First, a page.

What Data Questions Should Agency Agreements Address?

As a data broker and data services provider, AccuList USA knows first-hand that the era of “big data” has created both greater opportunities and greater complications for marketers in terms of access and use of data. In fact, Advertising Audit and Risk Management (AARM), a North American provider of independent advertising audit and consulting services, recently urged advertisers and marketers to review agency contracts to make sure they address evolving “big data” issues.

Unanswered Data Questions Leave Risky Gaps

Data can drive a precisely targeted marketing strategy by leveraging insights from transactional and customer behavioral data–assuming that the advertiser/marketer has the right to receive and use that data. Based on their experience, AARM cites at least six key, but often unanswered, data questions that advertisers should cover in contracts. Those questions include:

  • Who owns the data?
  • Where is the data stored?
  • For how long?
  • How secure is the data?
  • Is the data kept separate from that of other advertisers?
  • Is your data being used to aid other advertisers?
Everybody Wants to Claim Valuable Data

AARM points out that data ownership is not automatically ceded to an advertiser or marketer despite investment in a media buy generating a data stream. Many within the media chain may try to claim the generated data: Ad agencies, trading desks, publishers, demand-side platforms, and third-party ad servers all may seek unrestricted access, if not ownership, of valuable customer data. That’s why marketers and advertisers need to be sure that legal agreements clearly and consistently spell out data ownership rights, privacy considerations and third-party access rights.

Guarding First-, Second- and Third-Party Data

Ownership and access to third-party data–often sourced from agencies and ad tech providers–is usually clearly spelled out in licensing agreements between stakeholders. But AARM notes that advertisers also need to be careful that second-party data, meaning information gathered indirectly from users via an advertiser’s relationship with another entity (such as an SEO platform or behaviorally targeted digital display ad), is used or shared in a privacy-compliant manner.  Advertisers must guard their first-party data, too, AARM cautions. For example, there are data privacy and security risks for first-party data used in programmatic digital and addressable TV buys, where unregulated, unsupervised use could violate privacy rights.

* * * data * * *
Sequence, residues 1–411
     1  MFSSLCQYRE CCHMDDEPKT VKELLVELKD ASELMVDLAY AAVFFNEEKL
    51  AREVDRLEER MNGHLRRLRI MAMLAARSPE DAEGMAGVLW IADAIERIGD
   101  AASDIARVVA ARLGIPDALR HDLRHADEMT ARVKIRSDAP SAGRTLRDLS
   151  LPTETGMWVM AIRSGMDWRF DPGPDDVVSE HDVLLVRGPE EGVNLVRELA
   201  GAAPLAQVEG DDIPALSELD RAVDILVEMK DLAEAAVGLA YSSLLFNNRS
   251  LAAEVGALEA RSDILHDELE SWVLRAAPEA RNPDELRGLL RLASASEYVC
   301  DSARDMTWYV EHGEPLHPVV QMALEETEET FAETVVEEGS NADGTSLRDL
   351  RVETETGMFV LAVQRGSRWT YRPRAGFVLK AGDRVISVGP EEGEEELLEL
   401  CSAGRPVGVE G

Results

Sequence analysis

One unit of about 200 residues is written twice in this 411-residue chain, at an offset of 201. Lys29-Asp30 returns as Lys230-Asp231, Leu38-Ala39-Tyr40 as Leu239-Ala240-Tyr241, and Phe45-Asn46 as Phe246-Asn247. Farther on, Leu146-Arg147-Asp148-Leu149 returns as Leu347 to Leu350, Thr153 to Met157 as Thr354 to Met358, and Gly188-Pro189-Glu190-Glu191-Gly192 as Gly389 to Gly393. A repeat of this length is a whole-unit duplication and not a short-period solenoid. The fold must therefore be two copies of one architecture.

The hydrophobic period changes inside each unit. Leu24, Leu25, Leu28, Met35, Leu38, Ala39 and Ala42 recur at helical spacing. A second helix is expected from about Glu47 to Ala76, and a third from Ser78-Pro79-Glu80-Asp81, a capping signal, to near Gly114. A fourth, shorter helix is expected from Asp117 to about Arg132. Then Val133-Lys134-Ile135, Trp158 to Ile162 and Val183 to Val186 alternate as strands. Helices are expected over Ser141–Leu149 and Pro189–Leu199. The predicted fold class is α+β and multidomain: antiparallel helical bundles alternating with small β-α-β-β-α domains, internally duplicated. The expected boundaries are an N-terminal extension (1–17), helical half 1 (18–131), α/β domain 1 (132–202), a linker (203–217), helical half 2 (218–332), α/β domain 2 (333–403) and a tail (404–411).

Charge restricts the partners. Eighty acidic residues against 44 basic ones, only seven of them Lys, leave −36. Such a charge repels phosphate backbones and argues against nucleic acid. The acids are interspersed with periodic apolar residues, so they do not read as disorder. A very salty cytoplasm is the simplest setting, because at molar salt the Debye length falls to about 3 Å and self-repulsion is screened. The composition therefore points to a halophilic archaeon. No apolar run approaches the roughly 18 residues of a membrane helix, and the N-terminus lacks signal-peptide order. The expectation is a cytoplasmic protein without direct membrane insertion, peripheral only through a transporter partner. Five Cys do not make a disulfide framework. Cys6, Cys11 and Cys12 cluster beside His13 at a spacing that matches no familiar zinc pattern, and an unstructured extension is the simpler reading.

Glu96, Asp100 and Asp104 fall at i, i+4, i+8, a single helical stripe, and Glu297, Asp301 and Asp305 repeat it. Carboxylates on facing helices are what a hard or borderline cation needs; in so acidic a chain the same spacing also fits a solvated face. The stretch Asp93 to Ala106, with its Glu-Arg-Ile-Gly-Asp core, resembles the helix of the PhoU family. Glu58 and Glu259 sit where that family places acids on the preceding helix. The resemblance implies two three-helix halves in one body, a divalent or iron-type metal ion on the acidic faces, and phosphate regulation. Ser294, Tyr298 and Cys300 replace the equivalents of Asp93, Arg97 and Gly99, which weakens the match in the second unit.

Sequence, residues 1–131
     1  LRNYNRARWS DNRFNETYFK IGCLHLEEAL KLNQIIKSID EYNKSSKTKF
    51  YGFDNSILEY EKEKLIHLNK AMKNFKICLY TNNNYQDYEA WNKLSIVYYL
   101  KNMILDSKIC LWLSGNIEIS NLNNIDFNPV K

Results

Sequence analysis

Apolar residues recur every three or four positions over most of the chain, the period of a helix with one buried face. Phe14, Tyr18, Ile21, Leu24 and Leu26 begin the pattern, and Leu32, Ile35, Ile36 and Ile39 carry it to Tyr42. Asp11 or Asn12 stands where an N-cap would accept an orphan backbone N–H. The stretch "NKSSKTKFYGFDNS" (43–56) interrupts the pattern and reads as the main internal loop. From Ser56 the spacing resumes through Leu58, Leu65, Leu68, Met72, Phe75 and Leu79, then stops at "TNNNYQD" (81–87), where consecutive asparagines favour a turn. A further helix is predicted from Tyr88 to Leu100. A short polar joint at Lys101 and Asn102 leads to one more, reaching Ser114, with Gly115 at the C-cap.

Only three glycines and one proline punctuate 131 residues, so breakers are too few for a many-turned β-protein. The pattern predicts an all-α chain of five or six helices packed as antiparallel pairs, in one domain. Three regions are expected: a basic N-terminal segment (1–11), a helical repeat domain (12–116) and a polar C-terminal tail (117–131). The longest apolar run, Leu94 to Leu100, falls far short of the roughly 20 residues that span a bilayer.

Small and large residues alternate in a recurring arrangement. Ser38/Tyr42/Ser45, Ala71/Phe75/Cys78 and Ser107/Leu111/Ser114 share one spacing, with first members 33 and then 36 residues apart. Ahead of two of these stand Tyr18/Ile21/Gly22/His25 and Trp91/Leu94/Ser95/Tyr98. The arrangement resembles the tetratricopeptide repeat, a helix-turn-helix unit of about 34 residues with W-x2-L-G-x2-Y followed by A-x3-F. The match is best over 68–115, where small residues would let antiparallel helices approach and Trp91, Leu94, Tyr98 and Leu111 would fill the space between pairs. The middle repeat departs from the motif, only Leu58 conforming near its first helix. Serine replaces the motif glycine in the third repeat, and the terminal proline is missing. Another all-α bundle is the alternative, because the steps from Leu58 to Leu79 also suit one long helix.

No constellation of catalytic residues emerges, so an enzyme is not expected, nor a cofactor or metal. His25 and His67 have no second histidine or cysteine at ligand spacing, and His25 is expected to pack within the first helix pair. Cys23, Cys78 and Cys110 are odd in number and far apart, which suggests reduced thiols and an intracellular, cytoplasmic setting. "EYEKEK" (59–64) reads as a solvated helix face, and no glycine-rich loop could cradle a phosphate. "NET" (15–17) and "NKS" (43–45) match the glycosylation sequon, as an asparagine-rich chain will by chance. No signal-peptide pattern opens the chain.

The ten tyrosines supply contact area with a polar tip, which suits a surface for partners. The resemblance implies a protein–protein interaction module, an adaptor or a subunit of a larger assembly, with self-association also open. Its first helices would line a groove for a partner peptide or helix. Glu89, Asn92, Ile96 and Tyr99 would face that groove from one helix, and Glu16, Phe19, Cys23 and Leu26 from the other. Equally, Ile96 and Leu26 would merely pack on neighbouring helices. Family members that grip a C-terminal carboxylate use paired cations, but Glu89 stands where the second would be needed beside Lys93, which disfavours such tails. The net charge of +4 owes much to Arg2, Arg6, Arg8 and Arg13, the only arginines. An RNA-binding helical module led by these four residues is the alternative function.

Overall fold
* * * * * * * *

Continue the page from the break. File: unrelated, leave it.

For AARM’s article, “Big Data. Big Deal. You Bet,” see https://marketingmath.aarmusa.com/2016/12/05/big-data-big-deal-you-bet/

Study: Brands Fail to Recognize Customers Across Channels

Just 9% of marketers say they can consistently recognize customers across media channels, according to the MediaPost report on a new white paper published by the Data & Marketing Association (DMA). The study, conducted by Winterberry Group, is based on interviews with marketers from about 120 organizations.

Marketing to Devices, Not People

Per the MediaPost story, the study did find that companies have improved how they provide the same brand experience across channels, with slightly more than 77% of participants claiming to coordinate the delivery of content across all the media channels extremely well, fairly well or to some extent. But since most companies are marketing to devices not people, the challenge has been recognizing the same customers as they cross devices, for example going from search to catalog, or from mobile to in-store. Companies do realize that there is a problem per the survey, with some 72% of those participating identifying audience recognition as a “moderate” or higher priority.

The Need for Data Management

And when asked what would help to advance their organization’s efforts to better recognize addressable audiences across marketing media, better aggregation and management of data, cited by nearly 48% of marketers, led the top five solutions. Better integration of existing marketing technology followed as a solution for 39.5%; better systems and processes to connect audience profiles was listed by 38.4%; more first party data was the choice of 33.7%; and higher quality first-party data was named by 26.7%. Given those statistics, it’s not surprising that AccuList USA has seen growing interest in its data services, including customer database development, hygiene and analytics.

For more statistics from the study and for a link to download a free white paper copy, go to the MediaPost article at http://www.mediapost.com/publications/article/289223/brands-cannot-recognize-their-omnichannel-customer.html